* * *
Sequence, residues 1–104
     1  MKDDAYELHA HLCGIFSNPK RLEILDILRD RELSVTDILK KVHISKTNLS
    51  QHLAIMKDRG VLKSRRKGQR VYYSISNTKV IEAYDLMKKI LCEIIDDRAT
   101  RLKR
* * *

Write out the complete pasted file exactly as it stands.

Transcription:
Sequence, residues 1–104
     1  MKDDAYELHA HLCGIFSNPK RLEILDILRD RELSVTDILK KVHISKTNLS
    51  QHLAIMKDRG VLKSRRKGQR VYYSISNTKV IEAYDLMKKI LCEIIDDRAT
   101  RLKR